A now defunct California-based distributor of bona fide free computers. Free-PC gave out thousands of Compaq computers to those who participated in their demographic surveys. I believe their policy was to give away 10,000 computers for every 1,000,000 surveys returned. The survey was somewhat probing but not ridiculous; very similar to what you'd see on your typical annoying please-register-and-sign-up-for-spam commercial sites.

I got lucky; I was dying for a new computer, being somewhat of a geek, and the old AST Pentium 100 was getting long in the tooth, although it never lost a single piece of hardware in its half-decade peak-usage time. I gladly took the survey and included the fact that I did have a computer already, but clarified in a text field that it was too old for my needs. Mainly, I didn't like the fact that it couldn't play MP3s while doing anything else. And lo and behold, they chose me! Many, many months after I filled out the survey I received an e-mail congratulating me that I was going to be receiving a new PC in the mail, and not one of their older models, but the latest-and-greatest proprietary Compaq system that they could afford to give away for free.

I was required to give them a credit card number, and didn't have one. I applied for a VISA debit card and received in just in time. I always loved getting mail, so getting a free computer in the mail was almost orgasmic. Of course there had to be a catch. For thirty months, I would be required to use the computer for at least ten hours a month, one hour of which would have to be online, using their really lame Free-ISP, which shared server bandwidth with AOL of all places. In other words, it was lame, and you had to have even more advertising crap up while online. Ten hours a month is nothing; one hour online with a crappy ISP, no big deal. But the catch was the fact that it came preloaded with Windows 98 and a proprietary advertising banner program that could not be removed. The computer would collect data on my web browsing habits and relay information to their database, and sometimes it seemed to really slow down while online, whether on their ISP or not, giving me Back Orifice-esque paranoia as well. I could only use a 640x400 segment of the 800x600 screen, the rest was occupied by banners that slowed the computer down to a halt. Every time I went into full screen mode, a Window appeared telling me "This doesn't count towards your ten hours, you know!!!"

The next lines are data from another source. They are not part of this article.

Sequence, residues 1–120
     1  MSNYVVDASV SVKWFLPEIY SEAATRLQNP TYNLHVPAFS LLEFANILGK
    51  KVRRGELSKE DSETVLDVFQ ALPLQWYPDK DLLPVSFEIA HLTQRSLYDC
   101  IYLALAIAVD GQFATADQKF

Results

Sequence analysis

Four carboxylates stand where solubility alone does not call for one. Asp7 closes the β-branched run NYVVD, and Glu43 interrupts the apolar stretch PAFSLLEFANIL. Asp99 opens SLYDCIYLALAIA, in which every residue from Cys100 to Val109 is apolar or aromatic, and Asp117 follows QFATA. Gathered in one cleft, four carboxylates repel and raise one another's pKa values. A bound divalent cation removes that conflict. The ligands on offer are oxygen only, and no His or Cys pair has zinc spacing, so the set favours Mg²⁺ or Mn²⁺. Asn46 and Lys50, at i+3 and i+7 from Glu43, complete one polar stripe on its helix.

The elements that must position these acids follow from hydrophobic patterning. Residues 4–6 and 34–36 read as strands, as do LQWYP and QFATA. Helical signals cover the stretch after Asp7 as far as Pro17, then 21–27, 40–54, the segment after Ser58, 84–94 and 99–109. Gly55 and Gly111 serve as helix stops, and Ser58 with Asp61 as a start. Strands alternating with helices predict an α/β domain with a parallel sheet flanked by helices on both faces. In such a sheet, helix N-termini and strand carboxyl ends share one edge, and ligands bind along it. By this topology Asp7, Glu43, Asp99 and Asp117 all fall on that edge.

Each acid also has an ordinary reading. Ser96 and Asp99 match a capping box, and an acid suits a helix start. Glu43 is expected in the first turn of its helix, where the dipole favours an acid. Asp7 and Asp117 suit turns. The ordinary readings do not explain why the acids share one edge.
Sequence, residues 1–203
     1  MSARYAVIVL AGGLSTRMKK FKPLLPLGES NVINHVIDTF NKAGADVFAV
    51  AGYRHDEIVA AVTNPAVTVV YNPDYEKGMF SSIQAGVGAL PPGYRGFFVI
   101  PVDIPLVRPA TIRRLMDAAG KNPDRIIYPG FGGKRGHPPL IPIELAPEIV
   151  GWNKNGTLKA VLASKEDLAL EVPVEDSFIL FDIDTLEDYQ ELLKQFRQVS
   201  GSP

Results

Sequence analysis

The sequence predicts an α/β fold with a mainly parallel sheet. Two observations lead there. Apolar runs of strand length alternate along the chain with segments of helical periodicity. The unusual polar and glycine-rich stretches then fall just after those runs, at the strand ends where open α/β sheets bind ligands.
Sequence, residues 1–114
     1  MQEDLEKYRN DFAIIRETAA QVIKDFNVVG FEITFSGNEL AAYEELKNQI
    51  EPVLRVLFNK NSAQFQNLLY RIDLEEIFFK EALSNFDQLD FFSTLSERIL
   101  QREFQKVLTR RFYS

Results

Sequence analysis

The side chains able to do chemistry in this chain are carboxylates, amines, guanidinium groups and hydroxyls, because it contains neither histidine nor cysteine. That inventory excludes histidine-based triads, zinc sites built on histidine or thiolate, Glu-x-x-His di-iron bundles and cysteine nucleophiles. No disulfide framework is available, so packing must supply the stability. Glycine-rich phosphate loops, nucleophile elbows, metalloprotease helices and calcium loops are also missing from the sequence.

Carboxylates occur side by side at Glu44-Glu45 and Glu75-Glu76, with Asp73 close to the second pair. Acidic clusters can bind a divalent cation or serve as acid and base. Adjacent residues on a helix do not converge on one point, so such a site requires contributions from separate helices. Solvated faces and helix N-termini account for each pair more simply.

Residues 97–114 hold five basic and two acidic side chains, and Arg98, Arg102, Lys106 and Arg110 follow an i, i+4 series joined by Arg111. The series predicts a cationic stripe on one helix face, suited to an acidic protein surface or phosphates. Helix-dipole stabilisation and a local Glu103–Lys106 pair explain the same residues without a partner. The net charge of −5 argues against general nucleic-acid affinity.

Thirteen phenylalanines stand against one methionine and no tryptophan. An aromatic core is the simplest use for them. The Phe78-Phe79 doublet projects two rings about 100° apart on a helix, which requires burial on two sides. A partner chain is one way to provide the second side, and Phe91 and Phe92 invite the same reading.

I was beginning to realize that I was better off with the Pentium 100 -- the software made the thing nearly as slow (it's a K62-380 with 64mb RAM "stock"), and I couldn't browse any "controversial" websites, mainly because of a paranoid fear of what they did with their data. And then, something happened. The number one producer of "Free PCs" bought them out, and destroyed them. eMachines sells substandard computers in stores across the country. They are usually around $400 and can thus be sold as "free" using silly "pay for an ISP for three years" deals such as those found at Best Buy. eMachines didn't like the fact that someone was producing a truly FREE computer, so they killed it.

And I was given title to the computer, along with a program to wipe out any annoying ads. Otherwise, had Free-PC not been conquered, formatting the drive for any reason would result in being forced to pay a substantial fee for violating the agreement. The fine started at $600 and dropped by $20 every month until one reached the thirty-month point. Now I'm free to upgrade it as I wish, and believe it or not it actually has a ton of free expansion slots and peripheral ports. It's now running with 128mb of RAM, 34 gigs of HDD space, a relatively decent (ok ok it's 3Dfx!) accelerator card, a SoundBlaster Live!, a CD-Burner, and a surround sound speaker system. And it rules, thanks to eMachines, a company that also indirectly cost me my last job!

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